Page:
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What Sex Has to Do With Getting Ahead at Wal-Mart

March 31, 2011


By Ann Woolner

April 1 (Bloomberg) -- If you want to know why so few women hold executive positions at Wal-Mart Stores Inc., here's the answer the Walton Institute gives out to management trainees:

Women aren't as aggressive at seeking promotions as men.

Not surprisingly, women at Wal-Mart have a different explanation: Management stereotypes employees by gender (see example above).

Women from Florida to Alaska swear in court papers that they wanted to build careers at Wal-Mart, worked extra hard, earned good evaluations and openly sought promotion only to be bypassed by less-qualified men.

So they filed the world's largest sex discrimination case against the world's largest employer. How's that for gumption?

Their case has been going well for them, if slowly, since they filed it 10 years ago. But when it got to the U.S. Supreme Court this week, they ran into trouble. How much trouble's hard to say until the court rules, probably in June.

Given the size of Wal-Mart's labor force, we are talking about a case that would cover at least 500,000 employees and possibly more than 1 million. Every current female employee can become part of the lawsuit that claims company-wide bias against them, two federal courts in California have ruled.

The class is so humongous, and each woman's situation so different from another's, that Wal-Mart says the Supreme Court should disband it and force any aggrieved employee to sue individually. It's just too big for a court to manage fairly, they say.

Judge's Opinion

And yet, the company's sheer size, with its gargantuan labor force, can't be allowed to insulate it from claims that something about its corporate conduct denied hundreds of thousands of employees the pay they would have gotten but for their sex.

"If the employer had 500 female employees, I doubt that any of my colleagues would question the certification of such a class," 9th U.S. Circuit Court of Appeals Judge Susan Graber, writing approvingly but separately from the 6-5 majority that let the class certification stand last year.

Wal-Mart says company-wide policy forbids discrimination, not encourages it. For a class-action lawsuit to prevail, the women have to show corporate involvement. But at Wal-Mart, each manager in its 3,400 stores has near-complete freedom to decide pay and promotions.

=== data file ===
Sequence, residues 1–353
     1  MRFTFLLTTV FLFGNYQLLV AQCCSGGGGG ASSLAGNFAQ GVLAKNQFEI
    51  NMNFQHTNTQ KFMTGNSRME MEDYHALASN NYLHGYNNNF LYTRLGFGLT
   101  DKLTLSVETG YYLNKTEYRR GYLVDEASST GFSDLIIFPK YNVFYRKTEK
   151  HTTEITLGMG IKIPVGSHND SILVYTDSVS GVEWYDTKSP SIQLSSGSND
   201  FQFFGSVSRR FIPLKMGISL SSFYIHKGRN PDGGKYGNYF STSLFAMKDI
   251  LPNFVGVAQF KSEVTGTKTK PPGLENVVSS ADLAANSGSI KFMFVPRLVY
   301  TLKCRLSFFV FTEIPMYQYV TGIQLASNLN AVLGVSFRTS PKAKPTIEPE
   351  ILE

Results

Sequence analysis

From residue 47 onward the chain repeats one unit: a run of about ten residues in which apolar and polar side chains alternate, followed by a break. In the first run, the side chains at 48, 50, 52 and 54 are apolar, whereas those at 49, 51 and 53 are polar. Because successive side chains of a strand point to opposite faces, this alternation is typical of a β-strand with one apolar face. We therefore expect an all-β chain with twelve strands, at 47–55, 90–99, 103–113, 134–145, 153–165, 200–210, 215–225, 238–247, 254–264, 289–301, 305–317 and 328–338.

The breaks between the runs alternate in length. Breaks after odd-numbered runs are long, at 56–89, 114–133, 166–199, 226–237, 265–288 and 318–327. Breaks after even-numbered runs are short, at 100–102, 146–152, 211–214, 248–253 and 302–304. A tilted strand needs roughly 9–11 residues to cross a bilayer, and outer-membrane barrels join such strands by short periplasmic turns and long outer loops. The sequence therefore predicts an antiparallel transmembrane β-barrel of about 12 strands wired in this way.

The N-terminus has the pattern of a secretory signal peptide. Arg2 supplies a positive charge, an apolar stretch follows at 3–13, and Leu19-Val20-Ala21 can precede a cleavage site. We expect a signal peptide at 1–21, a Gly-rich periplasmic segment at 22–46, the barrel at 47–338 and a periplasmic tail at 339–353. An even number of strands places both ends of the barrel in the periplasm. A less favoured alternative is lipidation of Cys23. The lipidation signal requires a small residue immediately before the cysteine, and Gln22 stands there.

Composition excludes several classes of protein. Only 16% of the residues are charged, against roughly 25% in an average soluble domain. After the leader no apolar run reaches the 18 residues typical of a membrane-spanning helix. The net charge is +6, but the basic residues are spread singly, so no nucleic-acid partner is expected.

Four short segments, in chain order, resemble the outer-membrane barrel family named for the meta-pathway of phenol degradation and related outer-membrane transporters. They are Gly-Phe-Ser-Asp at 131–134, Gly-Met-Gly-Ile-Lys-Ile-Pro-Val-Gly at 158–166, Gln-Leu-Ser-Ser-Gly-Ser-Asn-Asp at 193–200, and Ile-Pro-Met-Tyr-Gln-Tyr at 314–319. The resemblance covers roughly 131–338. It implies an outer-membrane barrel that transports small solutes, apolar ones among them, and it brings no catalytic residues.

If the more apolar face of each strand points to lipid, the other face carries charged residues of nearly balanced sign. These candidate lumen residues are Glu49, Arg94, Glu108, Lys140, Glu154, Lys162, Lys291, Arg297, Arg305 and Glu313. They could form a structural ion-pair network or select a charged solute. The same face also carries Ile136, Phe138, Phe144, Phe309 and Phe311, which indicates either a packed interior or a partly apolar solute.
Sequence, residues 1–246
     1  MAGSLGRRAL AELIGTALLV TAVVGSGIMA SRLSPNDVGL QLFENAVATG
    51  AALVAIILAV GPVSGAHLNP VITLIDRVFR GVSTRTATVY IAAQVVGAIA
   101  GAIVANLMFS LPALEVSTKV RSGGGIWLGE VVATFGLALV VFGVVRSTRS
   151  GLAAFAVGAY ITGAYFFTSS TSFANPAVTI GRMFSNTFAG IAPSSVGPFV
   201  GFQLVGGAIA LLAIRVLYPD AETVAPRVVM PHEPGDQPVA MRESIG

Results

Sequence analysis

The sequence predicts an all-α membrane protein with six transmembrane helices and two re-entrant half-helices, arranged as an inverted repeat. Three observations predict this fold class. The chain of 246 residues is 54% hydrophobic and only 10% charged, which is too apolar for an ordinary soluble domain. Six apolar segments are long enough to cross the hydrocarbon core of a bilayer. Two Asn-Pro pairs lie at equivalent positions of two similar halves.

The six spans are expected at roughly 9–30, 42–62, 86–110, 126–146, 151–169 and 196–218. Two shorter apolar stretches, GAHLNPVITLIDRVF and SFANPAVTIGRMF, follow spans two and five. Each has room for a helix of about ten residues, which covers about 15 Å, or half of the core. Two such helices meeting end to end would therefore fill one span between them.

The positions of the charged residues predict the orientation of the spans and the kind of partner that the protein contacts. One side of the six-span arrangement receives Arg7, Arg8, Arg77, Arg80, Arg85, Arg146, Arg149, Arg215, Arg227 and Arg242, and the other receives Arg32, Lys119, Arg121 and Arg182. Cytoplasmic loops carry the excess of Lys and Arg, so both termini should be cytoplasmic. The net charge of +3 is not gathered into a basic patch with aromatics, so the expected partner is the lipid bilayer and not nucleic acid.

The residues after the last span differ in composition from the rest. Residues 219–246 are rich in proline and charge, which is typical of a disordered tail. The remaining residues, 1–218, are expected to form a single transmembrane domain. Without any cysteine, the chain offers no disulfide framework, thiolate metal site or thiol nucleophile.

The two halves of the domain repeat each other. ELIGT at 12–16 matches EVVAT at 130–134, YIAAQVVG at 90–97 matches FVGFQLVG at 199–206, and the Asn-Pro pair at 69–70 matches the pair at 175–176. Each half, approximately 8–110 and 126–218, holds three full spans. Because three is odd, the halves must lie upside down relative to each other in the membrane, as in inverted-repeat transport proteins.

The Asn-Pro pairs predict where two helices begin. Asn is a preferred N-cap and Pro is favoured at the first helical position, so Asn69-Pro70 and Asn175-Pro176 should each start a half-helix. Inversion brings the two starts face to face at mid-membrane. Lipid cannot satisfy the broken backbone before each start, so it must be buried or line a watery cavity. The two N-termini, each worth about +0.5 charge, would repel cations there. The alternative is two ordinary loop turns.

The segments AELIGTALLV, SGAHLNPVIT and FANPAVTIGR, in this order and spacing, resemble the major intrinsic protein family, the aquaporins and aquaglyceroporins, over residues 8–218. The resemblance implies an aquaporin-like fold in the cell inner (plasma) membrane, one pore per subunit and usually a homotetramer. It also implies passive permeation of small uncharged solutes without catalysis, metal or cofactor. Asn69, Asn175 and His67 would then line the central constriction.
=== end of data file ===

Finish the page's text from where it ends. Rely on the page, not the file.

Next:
So we're talking about a huge coincidence, apparently. Women in almost every job category, in each of Wal-Mart's 41 regions make less than men in the same jobs, by an average of $5,000, according to the plaintiffs' statistician. This is true despite findings that women stay with the company longer than men and generally have higher performance ratings.

Deli Manager

Gretchen Adams says she was told she was getting top pay at $26,500, when promoted to deli manager at a Wal-Mart Supercenter in Stillwater, Oklahoma. Then she found out that a man she was training for the same position in Jasper, Alabama, was getting $30,000. It happened again when she trained a man in Cape Coral, Florida, and then in Las Vegas.

Although similar accusations show up in multiple stores located around the country, Wal-Mart's statistician challenged the plaintiffs' figures as being too regional to be useful. Looking on a store-by-store, department-by-department basis, she found little pay disparity, a method the plaintiffs attack.

As for promotions, the company doesn't post most openings. You learn about them if your manager taps you on the shoulder and suggests you apply. Is it surprising that the mostly male management prefers mostly male management, especially in a corporate culture as traditional as Wal-Mart's?

Through classes, meetings and pep rallies at stores, the company's Bentonville, Arkansas, home office sends forth its culture to each and every store.

Scalia's Confusion

So while the plaintiffs acknowledge decentralized personnel decisions at Wal-Mart, they say that the company's distinctive and tightly controlled corporate culture plays an indirect but powerful role.

"I'm getting whipsawed here" as to how personnel decisions are made, Justice Antonin Scalia complained to the lawyer for the women.

"On the one hand, you say the problem is that they were utterly subjective, and on the other hand you say there is strong corporate culture that guides all of this.

"Well which is it," Scalia demanded.

Does he really not understand this?

Just Maybe

It could be both. You just might have a corporate culture that allows illegal job discrimination to flourish at the hands of independent store managers. It could happen if management trainers defend the paucity of women in higher ranks and tells trainees women don't want promotions; if the company sponsors hunting trips as bonding exercises for executives; if the home office doesn't intervene when its mostly male store management keeps promoting mostly men or ask questions when men are routinely paid more than better-qualified women doing the same work.

For all the discussion of whether a company-wide policy or practice keeps women down, it's too early in the case to say for sure. A trial will determine that.

But there's enough for the Supreme Court to allow the class action suit to keep going.

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